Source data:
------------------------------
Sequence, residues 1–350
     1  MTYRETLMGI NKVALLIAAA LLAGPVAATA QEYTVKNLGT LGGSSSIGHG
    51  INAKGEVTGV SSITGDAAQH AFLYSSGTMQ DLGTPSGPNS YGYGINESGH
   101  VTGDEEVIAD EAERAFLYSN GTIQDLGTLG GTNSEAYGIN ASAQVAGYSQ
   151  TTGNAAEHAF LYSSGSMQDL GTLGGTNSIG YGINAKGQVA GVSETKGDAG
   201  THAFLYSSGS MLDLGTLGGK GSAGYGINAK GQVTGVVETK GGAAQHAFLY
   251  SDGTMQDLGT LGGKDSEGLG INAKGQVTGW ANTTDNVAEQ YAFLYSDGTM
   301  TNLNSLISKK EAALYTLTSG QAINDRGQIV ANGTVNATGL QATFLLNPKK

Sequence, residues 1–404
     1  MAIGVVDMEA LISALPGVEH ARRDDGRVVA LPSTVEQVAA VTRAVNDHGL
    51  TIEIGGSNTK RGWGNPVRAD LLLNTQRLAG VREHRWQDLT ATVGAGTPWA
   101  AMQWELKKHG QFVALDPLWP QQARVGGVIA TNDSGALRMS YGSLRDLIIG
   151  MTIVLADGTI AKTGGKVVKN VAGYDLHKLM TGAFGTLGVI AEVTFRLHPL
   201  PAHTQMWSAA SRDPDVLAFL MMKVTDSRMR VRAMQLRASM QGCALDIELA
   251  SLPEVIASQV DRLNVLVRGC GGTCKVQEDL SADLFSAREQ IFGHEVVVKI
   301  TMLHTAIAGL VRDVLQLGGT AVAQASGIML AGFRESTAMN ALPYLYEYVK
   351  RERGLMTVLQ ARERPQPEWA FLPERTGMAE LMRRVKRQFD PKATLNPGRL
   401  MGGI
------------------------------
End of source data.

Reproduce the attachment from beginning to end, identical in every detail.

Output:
Sequence, residues 1–350
     1  MTYRETLMGI NKVALLIAAA LLAGPVAATA QEYTVKNLGT LGGSSSIGHG
    51  INAKGEVTGV SSITGDAAQH AFLYSSGTMQ DLGTPSGPNS YGYGINESGH
   101  VTGDEEVIAD EAERAFLYSN GTIQDLGTLG GTNSEAYGIN ASAQVAGYSQ
   151  TTGNAAEHAF LYSSGSMQDL GTLGGTNSIG YGINAKGQVA GVSETKGDAG
   201  THAFLYSSGS MLDLGTLGGK GSAGYGINAK GQVTGVVETK GGAAQHAFLY
   251  SDGTMQDLGT LGGKDSEGLG INAKGQVTGW ANTTDNVAEQ YAFLYSDGTM
   301  TNLNSLISKK EAALYTLTSG QAINDRGQIV ANGTVNATGL QATFLLNPKK

Sequence, residues 1–404
     1  MAIGVVDMEA LISALPGVEH ARRDDGRVVA LPSTVEQVAA VTRAVNDHGL
    51  TIEIGGSNTK RGWGNPVRAD LLLNTQRLAG VREHRWQDLT ATVGAGTPWA
   101  AMQWELKKHG QFVALDPLWP QQARVGGVIA TNDSGALRMS YGSLRDLIIG
   151  MTIVLADGTI AKTGGKVVKN VAGYDLHKLM TGAFGTLGVI AEVTFRLHPL
   201  PAHTQMWSAA SRDPDVLAFL MMKVTDSRMR VRAMQLRASM QGCALDIELA
   251  SLPEVIASQV DRLNVLVRGC GGTCKVQEDL SADLFSAREQ IFGHEVVVKI
   301  TMLHTAIAGL VRDVLQLGGT AVAQASGIML AGFRESTAMN ALPYLYEYVK
   351  RERGLMTVLQ ARERPQPEWA FLPERTGMAE LMRRVKRQFD PKATLNPGRL
   401  MGGI